25th Indiana soldier is hunted down by Rebel bloodhounds in Holly Springs, MS

FOR SALE

25th Indiana Infantry soldier (John Nilson) writes about a soldier being hunted by bloodhounds and torn to pieces near Holly Springs, MS.
Great content related to guerilla warfare in the summer of 1862.

Autograph letter signed (ALS), 4pp., 8vo.,

La-Grange, Tenn.
7/9/62

Description:

Nilson writes with a keen eye that while on a blackberry expedition he heard some shooting nearby. His group returned to camp since they didn’t have their guns with them. He did not want to repeat an incident that took place at Holly Springs (MS), when one of the 25th Indiana soldiers from Co. F had fallen behind and was “hunted down by bloodhounds and tore to pieces.” In retaliation, the Hoosier-Yankees burnt the plantation rails and destroyed two large fields (cotton, corn),leaving for memphis to guard the train, etc.

Very Fine condition
$350.00
(free shipping & insurance)

Union soldiers are hunted by Rebel bloodhounds in the Southwest, Harper’s Weekly 11/21/63

Other content notes about this letter, i.e., what else Nilson mentions?

  • Richmond news  . . .  30,000 Rebels killed
  • “Our freedom is not far distant”
  • Other men named Murphy, Sheerer and Wright
  • Very descriptive account of the blackberry expedition
  • “our Army (presence) . . .  is very disagreeable to the people . . .”
  • poignant account of the bloodhounds killing a Co F soldier at Holly Springs
  • “will be in Memphis soon”

Research notes on John Nilson and the 25th Indiana:

John Nilson was from Medora, Indiana, and was promoted to 1st Lt on 8/18/64 and to Captain on 1/1/65.  At the time of this letter he was with the District and Army of West Tennessee.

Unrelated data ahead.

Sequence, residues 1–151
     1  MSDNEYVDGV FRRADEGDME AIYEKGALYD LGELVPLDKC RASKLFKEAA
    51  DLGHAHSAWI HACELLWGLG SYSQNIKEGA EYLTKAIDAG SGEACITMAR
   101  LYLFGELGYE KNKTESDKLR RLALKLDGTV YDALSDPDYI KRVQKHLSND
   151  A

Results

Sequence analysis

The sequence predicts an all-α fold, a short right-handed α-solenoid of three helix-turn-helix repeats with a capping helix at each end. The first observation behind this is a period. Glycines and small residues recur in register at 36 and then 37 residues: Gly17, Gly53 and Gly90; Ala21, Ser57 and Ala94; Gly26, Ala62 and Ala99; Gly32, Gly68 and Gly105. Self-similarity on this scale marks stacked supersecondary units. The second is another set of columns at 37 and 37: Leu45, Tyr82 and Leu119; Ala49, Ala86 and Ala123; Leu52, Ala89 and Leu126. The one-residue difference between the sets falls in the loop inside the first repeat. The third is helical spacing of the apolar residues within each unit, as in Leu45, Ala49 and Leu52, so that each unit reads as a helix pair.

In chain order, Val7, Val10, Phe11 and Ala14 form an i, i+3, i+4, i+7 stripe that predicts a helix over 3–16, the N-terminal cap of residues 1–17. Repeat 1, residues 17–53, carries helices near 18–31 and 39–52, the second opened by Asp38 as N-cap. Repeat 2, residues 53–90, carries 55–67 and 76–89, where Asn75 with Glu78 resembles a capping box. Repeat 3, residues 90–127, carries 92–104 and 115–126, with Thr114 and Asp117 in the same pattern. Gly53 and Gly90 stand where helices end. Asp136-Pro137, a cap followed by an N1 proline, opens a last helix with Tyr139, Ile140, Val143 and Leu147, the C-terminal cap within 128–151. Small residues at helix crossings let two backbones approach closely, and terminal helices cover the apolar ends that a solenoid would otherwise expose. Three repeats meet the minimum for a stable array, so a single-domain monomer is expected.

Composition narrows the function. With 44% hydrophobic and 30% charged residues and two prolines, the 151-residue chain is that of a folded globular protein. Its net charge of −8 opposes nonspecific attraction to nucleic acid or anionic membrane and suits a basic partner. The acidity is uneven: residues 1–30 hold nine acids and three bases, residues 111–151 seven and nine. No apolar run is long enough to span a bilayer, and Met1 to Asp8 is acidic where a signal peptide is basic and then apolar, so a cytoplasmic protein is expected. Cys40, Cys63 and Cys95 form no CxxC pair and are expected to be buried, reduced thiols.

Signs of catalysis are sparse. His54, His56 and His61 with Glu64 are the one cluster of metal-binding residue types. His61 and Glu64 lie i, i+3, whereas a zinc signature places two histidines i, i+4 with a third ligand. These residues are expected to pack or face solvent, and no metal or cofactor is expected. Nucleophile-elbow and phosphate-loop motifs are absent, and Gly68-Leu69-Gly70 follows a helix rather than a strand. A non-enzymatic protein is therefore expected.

The 25th Indiana saw action at:

  • Ft. Donelson – losing 16 killed and 80 wounded. It was part of the force which stormed and captured the outer works the next day and occupied the fort after its surrender.
  • Shiloh – The 25th  left for Pittsburg landing on Mar. 5, reaching there on the 18th and in the battle of Shiloh, lost 27 killed and 122 wounded.
  • Siege of Corinth – The regiment was in the siege of Corinth and on June 10 occupied Grand Junction.
  • Memphis – The 25th moved for Memphis July 17 and remained there until Sept. 6, engaged in scouting and hunting guerrillas.
  • Bolivar – It then occupied Bolivar until Oct. 4, when it moved with Hurlbut’s division to cut off Price and Van Dorn, meeting their forces at Hatchie River and engaging in a short but fierce battle, in which the regiment lost 3 killed and 76 wounded.
  • Davis Mill – It then moved to northern Mississippi, and six companies under Col. Morgan were stationed at Davis’ Mill on Wolf River where they were attacked by Van Dorn with a large force of mounted infantry.  They fought so fiercely that the enemy was compelled to leave the field, after losing 23 killed, many wounded and some prisoners.  The remaining four companies were distributed along the line of railroad from Grand Junction to Holly Springs.
  • Atlanta Campaign – It joined the 4th division, 16th corps, before Atlanta, and was actively engaged in the siege from Aug. 8 to ,26. It was in the engagement at Jonesboro joined in pursuit of Hood’s army, attacked and routed the enemy at Snake Creek Gap . . .
  • Savannah – It returned and accompanied the army to Savannah, and participated in the investment of that city.  It remained in that vicinity until Jan. 4, 1865, when it moved with the 11th corps to Beaufort, S. C. going from there to Pocotaligo.

Key words this letter pertains to:

25th Indiana Infantry | John Nilson Co. G | Van Dorn | Shiloh | Corinth | Guerilla warfare | Ft Donelson | Holly Springs, MS | Marshall County, MS | Northern Mississippi

Holly Springs, MS

*******************************************************************************

All information is deemed reliable but subject to revision as more is learned. I offer few items for sale so please contact me at civilwargazette[at]yahoo.com if interested.   Let me know if you’re looking for specific items or areas of interest.

Advertisements